07-Nov-2016 | Knowledge-Hub
A guide to help you with the selection of fabrics for healthcare applications
In the 17 years that Healthcare Furniture Australian has been involved in the Healthcare industry, one area that has continually changed has been Upholstery. The industry itself over that period has changed extensively, from Facilities with Low Care, High Care and Dementia exclusive areas to being completely aging in place.
This has led to the need for completely impervious materials for upholstery to be used right throughout a facility. Due to incontinence issues experienced by the elderly, it is imperative the materials are non-porous and that cleaning regimes are in place to deal with this on an ongoing basis.
We have seen a lot of changes with Fabric houses trying to meet the growing need to have a variety of upholstery that not only has the qualities that are required such as being impermeable, anti-fungal and anti-microbial but that are attractive to the eye and have the features that will allow for the upholsterer to be able to use the specific fabrics on different pieces of furniture.
Over the years we have experienced numerous issues with upholstery that can be difficult to envisage until we are at the stage of sewing the upholstery on pieces of furniture. Such issues are that the crypton backed fabrics in some cases when they are a thick fabric prior to having the backing membrane attached are then far too thick to be able to use on the curved arm details of lounge chairs and couches.
Other issues that can be experienced are not so noticeable until the furniture and fabric have been used at a facility for a period of time. Some of these that we have also seen are vinyl fabrics that do not have enough “Memory” to retract back to the way the item of furniture is meant to look, meaning that the upholstery ends up having a “puddling” affect especially on the seat cushions. This has usually been on larger pieces of furniture with big seat cushions.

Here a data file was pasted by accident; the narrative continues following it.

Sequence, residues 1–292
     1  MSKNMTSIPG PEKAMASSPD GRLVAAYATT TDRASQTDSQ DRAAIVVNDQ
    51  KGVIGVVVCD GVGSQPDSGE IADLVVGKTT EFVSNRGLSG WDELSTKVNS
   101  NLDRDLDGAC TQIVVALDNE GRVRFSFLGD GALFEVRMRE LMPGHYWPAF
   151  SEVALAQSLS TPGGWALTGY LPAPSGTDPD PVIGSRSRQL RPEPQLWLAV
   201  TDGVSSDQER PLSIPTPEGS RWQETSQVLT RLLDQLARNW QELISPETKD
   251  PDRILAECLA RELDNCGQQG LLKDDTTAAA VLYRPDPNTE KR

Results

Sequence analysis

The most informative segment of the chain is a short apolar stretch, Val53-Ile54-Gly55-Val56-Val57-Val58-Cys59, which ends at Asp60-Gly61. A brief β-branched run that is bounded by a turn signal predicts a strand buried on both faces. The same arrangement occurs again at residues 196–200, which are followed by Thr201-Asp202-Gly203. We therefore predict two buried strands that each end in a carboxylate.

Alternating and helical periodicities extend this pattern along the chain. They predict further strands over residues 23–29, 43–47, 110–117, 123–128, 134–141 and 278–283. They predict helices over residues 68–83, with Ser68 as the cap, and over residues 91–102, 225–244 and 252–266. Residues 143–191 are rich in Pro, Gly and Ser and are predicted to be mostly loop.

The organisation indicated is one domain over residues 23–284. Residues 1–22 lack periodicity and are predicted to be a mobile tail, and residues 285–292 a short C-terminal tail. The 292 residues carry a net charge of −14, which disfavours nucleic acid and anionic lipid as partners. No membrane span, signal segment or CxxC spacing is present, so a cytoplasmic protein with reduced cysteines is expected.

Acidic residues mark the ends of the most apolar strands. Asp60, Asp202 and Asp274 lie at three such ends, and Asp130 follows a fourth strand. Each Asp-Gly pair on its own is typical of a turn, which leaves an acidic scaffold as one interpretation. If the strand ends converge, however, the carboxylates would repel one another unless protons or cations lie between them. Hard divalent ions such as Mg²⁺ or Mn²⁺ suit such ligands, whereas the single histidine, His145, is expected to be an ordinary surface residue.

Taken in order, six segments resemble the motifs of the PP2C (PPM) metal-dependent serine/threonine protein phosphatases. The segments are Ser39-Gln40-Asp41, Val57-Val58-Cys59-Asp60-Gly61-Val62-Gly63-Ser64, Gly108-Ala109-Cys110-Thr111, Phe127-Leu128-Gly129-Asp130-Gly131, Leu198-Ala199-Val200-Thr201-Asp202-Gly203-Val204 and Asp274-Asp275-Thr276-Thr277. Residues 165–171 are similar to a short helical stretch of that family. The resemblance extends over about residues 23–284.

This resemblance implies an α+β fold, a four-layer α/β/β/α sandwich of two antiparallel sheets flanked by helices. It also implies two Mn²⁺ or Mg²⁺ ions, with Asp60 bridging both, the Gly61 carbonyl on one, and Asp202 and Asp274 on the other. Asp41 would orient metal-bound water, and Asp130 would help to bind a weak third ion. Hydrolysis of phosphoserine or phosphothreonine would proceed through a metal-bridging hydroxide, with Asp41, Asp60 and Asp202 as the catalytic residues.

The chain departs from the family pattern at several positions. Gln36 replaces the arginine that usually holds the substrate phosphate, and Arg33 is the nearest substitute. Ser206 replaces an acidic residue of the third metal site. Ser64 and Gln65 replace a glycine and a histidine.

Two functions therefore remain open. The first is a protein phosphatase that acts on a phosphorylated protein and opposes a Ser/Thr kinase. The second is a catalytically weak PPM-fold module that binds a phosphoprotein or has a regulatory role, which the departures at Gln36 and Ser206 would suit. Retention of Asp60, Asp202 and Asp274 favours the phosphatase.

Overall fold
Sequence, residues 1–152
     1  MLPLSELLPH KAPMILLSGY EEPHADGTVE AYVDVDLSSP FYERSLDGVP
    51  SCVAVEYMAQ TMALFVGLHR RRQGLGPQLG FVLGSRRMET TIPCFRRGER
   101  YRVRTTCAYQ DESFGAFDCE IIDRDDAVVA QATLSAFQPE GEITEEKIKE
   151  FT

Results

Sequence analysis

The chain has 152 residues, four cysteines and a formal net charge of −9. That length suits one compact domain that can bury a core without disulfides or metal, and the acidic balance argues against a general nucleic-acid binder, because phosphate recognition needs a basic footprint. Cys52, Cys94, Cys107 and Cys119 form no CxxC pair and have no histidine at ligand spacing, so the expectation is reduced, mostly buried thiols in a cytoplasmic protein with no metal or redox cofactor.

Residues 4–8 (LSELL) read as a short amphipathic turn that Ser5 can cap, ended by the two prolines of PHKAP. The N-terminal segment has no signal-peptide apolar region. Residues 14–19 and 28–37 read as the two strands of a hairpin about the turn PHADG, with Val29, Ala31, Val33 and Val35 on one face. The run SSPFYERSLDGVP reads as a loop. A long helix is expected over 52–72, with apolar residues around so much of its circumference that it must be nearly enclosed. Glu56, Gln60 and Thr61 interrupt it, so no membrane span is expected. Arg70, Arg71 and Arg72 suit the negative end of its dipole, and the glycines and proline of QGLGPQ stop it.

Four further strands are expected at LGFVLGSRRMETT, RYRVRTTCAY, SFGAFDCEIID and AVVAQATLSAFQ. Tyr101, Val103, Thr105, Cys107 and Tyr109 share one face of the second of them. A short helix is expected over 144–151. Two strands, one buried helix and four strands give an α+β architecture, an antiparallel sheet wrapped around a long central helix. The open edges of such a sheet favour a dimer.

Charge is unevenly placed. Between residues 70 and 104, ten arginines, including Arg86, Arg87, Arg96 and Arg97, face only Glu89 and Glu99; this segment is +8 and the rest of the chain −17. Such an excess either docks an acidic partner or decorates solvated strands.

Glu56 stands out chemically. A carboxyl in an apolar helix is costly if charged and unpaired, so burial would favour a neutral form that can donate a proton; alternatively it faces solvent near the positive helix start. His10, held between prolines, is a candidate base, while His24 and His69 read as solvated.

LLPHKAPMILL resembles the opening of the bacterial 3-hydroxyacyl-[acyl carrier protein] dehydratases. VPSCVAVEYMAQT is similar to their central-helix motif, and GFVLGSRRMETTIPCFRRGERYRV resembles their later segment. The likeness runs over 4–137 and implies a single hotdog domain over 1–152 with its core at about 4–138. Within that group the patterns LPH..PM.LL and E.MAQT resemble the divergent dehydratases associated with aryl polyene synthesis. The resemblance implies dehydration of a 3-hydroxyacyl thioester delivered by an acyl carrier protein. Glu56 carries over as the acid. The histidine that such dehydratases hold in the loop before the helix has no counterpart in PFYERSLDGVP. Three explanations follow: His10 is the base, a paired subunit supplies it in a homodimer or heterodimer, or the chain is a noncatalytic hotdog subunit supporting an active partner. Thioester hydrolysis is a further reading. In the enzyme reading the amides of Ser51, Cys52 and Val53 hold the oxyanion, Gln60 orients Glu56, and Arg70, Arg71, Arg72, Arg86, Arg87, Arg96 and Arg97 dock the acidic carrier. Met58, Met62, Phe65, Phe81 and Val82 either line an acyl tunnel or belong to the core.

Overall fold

Upholstery should be smooth and easy to clean with few seams, folds or any other place where food and other contaminates can be caught. Some of the Healthcare fabrics that have a high pile, for example the look alike Velvets and Chenille’s can be very difficult not only for the upholster, but for the cleaning staff, it can be additional hard work to try to get down into the pile to remove the contaminates instead of just wiping over the surface that can be done on a flat pile or vinyl upholstery.
Common fabrics that are appropriate for Aged Care are, Zircons, Cryptons and Vinyl with a lot of new ranges being added all the time by the fabric houses keeping up with the needs of Designers and owners to introduce individual looks to each facility. With this ever changing area of our job, selling furniture into the Aged Care and Hospital sectors, our staff at Healthcare Furniture Australia need to keep in mind the issues we have seen in the past and to look for certain qualities in specified fabrics that may prove problematic with or furniture. We will often send cuttings to our factories prior to ordering the specified upholstery so we are reassured of the fabric working well for the furniture end products.
HFA encourages clients to work closely with them throughout the selection process of fabric and furniture so we can provide guidance and our clients get the benefit of our vast experience and knowledge.